I lost my second pregnancy last year shortly before Independence Day. While everyone feasted on grilled hot dogs and barbecue ribs, I despaired over my empty womb and wondered where the soul of my lost child went. Was it trapped in one of those waste containers where they throw "the contents of contraception" away after a D&C operation? News of my pregnancy had been met with doubt rather than elation. I intuitively felt that having been surrounded by all of the negative energy, the child had simply decided to go back. Why hadn't my desire been strong enough for it to stay?
My husband, Allen, and I tried to conceive yet again. I became pregnant again several months later a week before Christmas in 1997. When I went to my first prenatal appointment in January, my obstetrician refused to proceed with routine tests until the viability of the baby was confirmed by ultrasound. She didn't want to invest in doing all the tests if another miscarriage was imminent. While at work one afternoon, a few days before my ultrasound appointment, I experienced some moderate bleeding. "Oh no! Not again," I thought. "Why can't I seem to have a second child," I wondered to my husband that evening.
The next day I went to the hospital to have an emergency ultrasound done to determine the cause of the bleeding. I couldn't help but experience some déjà vu as I waited for the test. It had only been months since I had been here at this same place and received the news that my earlier conceived baby had died, failing to develop properly. In fact, I insisted that my husband not accompany me because his being there felt so much like a re-run of my first miscarriage experience.
The same doctor who discovered I had miscarried back in July would do my ultrasound. I was also a patient of the same obstetrician as before. Everything was the same as before except this time, my baby was still alive! I saw the baby on the screen, and its big heart beating strong. I felt eternally grateful and blessed. My obstetrician held my hand supportively and squeezed. A low-lying placenta caused the bleeding. All was fine and I was instructed to take it easy.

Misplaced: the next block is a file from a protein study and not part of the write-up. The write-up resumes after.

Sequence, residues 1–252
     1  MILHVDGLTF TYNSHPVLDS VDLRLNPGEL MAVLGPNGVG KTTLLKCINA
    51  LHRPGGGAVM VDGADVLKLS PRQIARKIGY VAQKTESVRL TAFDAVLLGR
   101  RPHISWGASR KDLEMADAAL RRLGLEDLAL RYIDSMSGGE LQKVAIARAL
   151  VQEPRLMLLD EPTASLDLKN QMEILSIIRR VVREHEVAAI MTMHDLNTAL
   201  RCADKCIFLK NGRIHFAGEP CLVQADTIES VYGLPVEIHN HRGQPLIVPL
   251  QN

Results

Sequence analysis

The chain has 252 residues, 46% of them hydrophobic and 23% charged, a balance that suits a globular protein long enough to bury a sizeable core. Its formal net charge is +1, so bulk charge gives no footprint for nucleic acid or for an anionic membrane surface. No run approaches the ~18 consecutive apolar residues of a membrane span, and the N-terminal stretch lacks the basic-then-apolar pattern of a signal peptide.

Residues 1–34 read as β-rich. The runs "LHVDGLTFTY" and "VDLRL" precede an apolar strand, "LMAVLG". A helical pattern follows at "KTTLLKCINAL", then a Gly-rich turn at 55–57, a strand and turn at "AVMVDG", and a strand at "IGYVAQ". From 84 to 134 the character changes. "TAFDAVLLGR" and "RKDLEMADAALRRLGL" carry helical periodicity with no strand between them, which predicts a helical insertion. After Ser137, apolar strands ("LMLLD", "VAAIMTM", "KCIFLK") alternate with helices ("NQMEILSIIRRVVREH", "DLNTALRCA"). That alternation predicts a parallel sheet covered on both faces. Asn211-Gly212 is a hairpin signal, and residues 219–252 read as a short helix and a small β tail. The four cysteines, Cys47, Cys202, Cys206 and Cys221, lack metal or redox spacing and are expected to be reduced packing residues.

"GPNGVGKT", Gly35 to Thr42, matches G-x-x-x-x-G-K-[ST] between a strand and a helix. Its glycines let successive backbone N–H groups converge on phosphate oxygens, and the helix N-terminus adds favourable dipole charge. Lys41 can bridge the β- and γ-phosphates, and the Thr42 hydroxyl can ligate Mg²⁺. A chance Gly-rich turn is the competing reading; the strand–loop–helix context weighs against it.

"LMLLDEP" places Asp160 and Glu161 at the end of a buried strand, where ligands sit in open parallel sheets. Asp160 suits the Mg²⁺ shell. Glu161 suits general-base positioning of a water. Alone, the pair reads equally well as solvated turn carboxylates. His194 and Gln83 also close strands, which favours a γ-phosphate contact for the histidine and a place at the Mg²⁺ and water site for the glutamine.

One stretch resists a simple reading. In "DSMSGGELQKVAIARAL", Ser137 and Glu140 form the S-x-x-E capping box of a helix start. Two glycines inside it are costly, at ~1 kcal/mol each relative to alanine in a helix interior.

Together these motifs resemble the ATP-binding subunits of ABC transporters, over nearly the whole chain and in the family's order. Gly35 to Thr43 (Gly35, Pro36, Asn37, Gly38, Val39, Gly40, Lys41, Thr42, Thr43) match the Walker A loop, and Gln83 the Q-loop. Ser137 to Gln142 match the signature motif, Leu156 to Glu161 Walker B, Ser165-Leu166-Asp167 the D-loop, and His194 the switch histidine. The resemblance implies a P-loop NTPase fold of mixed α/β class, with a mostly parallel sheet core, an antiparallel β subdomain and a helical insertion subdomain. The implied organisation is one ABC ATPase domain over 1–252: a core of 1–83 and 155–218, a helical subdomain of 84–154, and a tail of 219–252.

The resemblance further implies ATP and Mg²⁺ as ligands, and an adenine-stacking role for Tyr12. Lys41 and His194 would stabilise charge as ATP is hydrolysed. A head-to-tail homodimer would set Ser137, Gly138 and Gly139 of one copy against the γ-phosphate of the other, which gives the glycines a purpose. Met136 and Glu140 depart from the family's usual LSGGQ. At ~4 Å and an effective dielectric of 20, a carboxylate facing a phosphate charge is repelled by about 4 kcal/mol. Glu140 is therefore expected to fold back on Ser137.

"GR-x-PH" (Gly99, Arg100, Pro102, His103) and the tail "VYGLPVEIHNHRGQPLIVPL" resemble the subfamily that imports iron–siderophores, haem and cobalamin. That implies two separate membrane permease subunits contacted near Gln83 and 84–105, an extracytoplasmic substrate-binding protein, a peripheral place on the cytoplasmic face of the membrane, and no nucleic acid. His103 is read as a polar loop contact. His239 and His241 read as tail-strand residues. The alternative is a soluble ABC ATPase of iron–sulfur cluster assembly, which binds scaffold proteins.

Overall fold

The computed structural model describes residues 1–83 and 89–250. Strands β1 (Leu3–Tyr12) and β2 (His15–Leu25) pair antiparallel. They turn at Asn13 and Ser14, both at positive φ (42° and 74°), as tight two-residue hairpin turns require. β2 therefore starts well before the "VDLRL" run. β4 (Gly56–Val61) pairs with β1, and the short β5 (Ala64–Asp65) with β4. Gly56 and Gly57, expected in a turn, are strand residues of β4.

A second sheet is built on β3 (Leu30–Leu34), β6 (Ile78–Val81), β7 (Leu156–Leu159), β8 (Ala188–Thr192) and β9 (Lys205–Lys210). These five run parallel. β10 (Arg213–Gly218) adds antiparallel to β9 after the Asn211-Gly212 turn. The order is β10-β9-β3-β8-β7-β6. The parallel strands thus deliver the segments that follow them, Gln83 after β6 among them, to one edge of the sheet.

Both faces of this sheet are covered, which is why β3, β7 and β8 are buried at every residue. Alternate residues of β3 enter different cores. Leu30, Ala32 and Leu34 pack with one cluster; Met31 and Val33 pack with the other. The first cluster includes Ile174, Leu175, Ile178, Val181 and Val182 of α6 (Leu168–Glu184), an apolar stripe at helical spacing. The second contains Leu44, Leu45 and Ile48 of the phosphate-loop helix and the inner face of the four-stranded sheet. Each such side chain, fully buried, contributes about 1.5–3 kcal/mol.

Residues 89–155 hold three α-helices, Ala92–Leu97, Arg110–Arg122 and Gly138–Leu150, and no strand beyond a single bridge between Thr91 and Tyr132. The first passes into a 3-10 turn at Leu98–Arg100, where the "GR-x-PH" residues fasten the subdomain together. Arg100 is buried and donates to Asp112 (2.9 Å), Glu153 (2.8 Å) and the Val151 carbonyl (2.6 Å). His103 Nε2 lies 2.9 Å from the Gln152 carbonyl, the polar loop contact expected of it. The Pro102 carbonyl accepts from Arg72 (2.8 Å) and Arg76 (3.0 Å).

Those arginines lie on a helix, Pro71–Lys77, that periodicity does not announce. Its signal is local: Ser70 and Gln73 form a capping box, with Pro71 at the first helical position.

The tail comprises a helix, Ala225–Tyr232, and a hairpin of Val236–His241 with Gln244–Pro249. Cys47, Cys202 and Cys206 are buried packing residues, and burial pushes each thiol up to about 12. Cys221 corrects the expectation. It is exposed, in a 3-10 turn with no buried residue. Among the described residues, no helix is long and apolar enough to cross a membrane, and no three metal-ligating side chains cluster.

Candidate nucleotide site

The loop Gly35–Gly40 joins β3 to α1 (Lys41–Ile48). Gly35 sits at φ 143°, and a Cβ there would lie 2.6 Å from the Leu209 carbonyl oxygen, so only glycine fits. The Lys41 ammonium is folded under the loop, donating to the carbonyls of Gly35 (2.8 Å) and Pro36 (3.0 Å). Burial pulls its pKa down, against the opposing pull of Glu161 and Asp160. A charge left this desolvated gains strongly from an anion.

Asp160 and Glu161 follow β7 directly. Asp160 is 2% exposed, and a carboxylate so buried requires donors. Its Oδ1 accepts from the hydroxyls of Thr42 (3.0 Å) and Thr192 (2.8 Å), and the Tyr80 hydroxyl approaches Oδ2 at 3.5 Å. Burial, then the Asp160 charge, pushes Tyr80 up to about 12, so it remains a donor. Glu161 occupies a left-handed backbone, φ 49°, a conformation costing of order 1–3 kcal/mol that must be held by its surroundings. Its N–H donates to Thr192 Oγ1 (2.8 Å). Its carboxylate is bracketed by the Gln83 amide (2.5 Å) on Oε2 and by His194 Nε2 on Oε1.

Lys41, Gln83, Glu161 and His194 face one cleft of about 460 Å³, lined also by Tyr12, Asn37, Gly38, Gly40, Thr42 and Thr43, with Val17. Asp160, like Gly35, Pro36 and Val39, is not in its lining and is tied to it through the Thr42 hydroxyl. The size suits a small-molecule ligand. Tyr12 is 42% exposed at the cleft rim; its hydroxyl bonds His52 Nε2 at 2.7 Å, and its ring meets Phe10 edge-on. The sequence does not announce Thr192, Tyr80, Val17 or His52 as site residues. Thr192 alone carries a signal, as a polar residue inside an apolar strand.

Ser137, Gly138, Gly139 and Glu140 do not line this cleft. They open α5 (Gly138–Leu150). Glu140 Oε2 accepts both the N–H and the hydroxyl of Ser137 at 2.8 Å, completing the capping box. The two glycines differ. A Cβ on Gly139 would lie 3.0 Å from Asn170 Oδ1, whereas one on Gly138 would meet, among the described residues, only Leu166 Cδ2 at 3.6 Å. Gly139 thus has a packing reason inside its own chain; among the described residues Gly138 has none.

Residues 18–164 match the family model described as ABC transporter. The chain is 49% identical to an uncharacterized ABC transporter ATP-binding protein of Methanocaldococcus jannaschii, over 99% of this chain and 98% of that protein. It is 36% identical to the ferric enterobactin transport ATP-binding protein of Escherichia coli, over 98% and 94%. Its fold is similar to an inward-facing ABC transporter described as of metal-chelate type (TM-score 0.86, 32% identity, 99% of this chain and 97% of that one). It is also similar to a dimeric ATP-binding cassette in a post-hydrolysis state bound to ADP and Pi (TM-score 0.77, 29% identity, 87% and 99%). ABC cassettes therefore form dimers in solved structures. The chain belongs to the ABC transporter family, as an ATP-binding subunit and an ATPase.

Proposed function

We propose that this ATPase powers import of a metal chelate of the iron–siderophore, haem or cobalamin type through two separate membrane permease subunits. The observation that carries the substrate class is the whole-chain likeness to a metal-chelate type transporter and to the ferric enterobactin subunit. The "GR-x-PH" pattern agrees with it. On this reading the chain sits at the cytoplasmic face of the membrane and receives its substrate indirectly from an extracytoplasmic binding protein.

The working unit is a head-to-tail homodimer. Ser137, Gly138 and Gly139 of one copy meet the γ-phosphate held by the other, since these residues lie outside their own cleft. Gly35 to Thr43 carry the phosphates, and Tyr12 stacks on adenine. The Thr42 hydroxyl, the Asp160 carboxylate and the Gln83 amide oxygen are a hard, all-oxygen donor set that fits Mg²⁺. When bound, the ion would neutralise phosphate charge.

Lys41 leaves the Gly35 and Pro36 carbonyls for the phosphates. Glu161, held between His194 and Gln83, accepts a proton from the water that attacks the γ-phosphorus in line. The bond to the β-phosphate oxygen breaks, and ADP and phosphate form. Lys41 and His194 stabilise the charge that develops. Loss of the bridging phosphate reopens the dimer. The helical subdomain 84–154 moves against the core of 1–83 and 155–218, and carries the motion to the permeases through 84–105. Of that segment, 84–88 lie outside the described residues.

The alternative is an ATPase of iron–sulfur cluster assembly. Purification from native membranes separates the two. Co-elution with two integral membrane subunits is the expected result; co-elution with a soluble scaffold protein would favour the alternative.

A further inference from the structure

I left the hospital thrilled by the good news, but knowing I had a little less than nine long months to go. From then on, I considered each new day as progress and every weekend to be a victory.
On week 30 of my pregnancy, a few days before Independence Day, the doctor put me on bedrest due to pre-term labor contractions. In addition to the contractions, I had been contending with the heat of the summer, commuting difficulties and job pressures. I was prescribed anti-contraction medication every four hours around the clock.
To suddenly be totally uninvolved with the many projects I left in various stages of undoneness back at the office filled me with anxiety and left me seemingly with no purpose beyond bathing, dressing and feeding myself everyday. I didn't know what to do with myself. I spent my days watching television and trying to connect with anyone via email and parenting web sites who could understand how I felt. I realized that over the past several years, I had let my career assume too much importance in my life. Many times I tried to bust my way up the corporate ladder regardless of my health and my family. This bedrest, this gift of reflective time, was a good time to start change. Independence Day.
A brownish show at week 34 sent me to the emergency room where I was monitored for a few hours and found to be one centimeter dilated. I was sent home with instructions to restrict my activities even more and drink at least eight glasses of water a day.
By the end of August, my confinement was taking its toll. Tipping the scales at around 190 pounds, my hips and leg bones could barely support me. I began to become depressed, restless and extremely bored. Finally, during the night on August 31 and into the following day at week 39, I noticed that my contractions had begun to feel slightly painful, but they were irregular and intermittent. With every contraction, it seemed that I could feel myself being stretched more open.